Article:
Water Distribution Dispute under Rajasthan Irrigation and Drainage Act: Supreme Court Judgment

In a landmark case involving a water distribution dispute under the Rajasthan Irrigation and Drainage Act, the Supreme Court has rendered a significant judgment. The case revolved around the rights and liabilities related to water courses between the parties. The dispute, originating at the divisional level, made its way through various courts before reaching the apex court. Stay tuned to learn about the key aspects and outcomes of this crucial legal battle.


  • The appellant filed a suit challenging the order of the Appellate Authority which was dismissed
  • The Trial Court order was also challenged, and the appeal before the First Appellate Court was allowed
  • The dispute was taken to the Authorities under the Rajasthan Irrigation and Drainage Act of 1954
  • The appellant lost before the said Authority
  • The appeal is directed against the judgment and order of the High Court of Rajasthan in the mentioned Civil Second Appeal
  • The dispute between the parties involved water distribution to their fields
  • Private respondents filed a Second Appeal in the High Court
  • High Court set aside the judgment of the First Appellate Court
  • High Court upheld the judgment of the Trial Court
  • Civil Court was held to be unable to entertain or deal with such disputes

Also Read: Court’s Jurisdiction in Re-appraising Arbitrator’s Findings


  • Section 53 of the Act outlines the procedure for settling disputes regarding mutual rights and liabilities related to water courses.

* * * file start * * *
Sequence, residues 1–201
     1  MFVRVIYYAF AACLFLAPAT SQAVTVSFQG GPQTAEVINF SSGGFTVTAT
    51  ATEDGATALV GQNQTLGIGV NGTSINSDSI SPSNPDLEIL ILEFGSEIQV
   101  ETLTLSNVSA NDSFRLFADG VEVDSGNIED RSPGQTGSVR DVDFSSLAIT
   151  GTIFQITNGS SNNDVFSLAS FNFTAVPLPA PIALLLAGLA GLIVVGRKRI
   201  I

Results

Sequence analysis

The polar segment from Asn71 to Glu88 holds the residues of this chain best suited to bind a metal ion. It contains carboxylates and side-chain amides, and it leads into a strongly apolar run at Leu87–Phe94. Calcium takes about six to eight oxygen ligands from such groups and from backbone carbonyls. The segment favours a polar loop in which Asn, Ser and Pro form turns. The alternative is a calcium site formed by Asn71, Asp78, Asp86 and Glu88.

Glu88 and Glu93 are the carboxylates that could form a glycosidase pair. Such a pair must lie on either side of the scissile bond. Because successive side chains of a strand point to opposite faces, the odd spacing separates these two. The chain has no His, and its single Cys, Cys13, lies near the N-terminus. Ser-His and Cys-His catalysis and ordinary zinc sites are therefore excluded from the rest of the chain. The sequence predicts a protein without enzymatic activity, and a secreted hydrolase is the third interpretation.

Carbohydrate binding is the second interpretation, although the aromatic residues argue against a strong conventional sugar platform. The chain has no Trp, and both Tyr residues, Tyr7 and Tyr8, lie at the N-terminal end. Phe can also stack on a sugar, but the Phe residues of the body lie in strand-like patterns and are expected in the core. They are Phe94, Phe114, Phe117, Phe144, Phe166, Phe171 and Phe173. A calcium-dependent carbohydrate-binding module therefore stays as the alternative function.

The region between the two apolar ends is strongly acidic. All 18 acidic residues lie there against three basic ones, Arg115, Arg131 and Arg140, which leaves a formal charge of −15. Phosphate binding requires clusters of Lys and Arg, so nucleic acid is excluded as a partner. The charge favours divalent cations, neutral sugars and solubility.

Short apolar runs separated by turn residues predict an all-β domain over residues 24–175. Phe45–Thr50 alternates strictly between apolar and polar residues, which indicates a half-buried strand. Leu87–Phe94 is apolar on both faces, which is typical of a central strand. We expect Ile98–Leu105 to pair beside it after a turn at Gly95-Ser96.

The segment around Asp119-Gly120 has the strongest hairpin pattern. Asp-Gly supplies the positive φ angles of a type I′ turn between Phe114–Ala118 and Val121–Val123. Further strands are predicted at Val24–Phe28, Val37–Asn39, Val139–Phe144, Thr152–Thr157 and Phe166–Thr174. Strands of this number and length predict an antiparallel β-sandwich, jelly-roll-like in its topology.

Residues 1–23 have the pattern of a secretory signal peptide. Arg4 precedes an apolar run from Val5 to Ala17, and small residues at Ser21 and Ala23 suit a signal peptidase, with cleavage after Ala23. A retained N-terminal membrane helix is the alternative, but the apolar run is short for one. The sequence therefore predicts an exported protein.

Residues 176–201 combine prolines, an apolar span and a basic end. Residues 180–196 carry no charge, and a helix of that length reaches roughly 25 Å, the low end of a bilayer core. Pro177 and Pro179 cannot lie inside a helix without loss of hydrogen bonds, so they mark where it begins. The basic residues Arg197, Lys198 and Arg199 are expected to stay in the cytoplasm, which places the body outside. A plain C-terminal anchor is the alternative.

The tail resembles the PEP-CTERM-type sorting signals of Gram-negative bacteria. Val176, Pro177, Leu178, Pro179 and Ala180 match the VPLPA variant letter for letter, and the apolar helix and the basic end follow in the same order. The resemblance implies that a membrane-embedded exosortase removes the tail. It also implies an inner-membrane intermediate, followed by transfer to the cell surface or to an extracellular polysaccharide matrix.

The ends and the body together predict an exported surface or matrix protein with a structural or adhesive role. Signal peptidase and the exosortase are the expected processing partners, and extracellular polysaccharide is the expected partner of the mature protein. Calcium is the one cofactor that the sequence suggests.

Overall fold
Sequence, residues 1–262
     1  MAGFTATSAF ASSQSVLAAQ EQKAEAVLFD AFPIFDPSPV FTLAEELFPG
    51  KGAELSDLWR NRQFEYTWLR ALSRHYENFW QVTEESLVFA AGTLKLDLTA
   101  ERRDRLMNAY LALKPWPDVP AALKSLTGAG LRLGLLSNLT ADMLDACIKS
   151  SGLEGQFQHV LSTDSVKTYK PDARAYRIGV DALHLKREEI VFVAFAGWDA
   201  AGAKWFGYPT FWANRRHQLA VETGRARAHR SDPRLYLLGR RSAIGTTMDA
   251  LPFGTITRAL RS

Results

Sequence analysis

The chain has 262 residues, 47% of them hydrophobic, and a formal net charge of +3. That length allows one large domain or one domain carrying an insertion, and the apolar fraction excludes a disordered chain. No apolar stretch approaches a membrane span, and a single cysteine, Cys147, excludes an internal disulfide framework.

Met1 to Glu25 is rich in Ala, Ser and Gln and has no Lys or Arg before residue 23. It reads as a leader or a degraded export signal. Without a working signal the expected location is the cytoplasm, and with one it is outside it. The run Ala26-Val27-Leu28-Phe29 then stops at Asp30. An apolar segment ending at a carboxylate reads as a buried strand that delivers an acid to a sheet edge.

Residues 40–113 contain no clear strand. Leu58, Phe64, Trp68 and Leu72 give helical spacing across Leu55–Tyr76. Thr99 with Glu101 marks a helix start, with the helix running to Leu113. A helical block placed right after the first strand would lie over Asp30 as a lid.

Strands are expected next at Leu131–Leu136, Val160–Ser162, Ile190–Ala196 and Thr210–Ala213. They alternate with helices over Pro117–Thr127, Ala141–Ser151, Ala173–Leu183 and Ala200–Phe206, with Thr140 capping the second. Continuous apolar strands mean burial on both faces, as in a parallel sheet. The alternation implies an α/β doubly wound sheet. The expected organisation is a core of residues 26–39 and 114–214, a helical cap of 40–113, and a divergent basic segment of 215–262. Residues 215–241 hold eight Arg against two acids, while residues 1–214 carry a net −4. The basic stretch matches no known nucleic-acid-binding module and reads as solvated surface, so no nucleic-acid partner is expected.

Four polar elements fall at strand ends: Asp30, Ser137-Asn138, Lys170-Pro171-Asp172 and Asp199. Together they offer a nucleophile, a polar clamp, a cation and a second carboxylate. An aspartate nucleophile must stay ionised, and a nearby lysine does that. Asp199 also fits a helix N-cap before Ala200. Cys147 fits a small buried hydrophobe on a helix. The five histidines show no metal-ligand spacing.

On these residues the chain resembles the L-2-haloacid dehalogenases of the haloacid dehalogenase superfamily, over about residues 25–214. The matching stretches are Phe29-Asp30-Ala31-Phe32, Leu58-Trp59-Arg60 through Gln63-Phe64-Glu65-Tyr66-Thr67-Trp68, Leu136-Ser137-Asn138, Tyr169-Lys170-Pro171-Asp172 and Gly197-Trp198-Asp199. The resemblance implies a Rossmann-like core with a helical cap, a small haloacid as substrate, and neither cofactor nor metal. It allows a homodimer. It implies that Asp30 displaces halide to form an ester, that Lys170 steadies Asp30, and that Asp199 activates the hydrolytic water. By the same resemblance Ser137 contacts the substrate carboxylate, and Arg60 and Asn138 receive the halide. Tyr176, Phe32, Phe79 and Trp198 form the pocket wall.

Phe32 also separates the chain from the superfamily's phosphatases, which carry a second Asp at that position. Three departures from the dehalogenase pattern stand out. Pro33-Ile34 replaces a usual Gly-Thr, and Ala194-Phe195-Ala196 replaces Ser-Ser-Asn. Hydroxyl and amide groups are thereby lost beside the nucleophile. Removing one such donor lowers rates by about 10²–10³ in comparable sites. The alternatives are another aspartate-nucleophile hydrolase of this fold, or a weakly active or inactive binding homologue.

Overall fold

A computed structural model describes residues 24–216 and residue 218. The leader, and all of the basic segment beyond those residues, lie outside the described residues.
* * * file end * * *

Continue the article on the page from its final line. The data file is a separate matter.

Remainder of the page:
• Any person involved in a dispute can apply to the Divisional Irrigation Officer stating the matter in writing.
  • The Officer will then give notice to all parties involved and conduct an enquiry before passing an order.
  • The order issued by the Authorities under the Act will be final for any crop sown or growing at the time of the order, and will remain in force until overturned by a Civil Court decree.
  • The appeal against the order of the Divisional Irrigation Officer lies to the Superintending Irrigation Officer.
  • This implies that the Civil Court has jurisdiction to entertain and decide such a dispute.
  • Civil Court can only refrain from passing any order regarding crops sown or growing at the time of passing the order.
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Also Read: Contrary Directions in Issuance of Letter of Intent


  • Second Appeal to be treated as filed in 2008 and given priority
  • Matter remanded to High Court for decision on merits
  • Civil appeal allowed
  • Pending application, if any, disposed of

Also Read: Application for Stay in Civil Suit Rejected: Court’s Legal Analysis


Case Number: C.A. No.-006975-006975 / 2019

Click here to read/download original judgement

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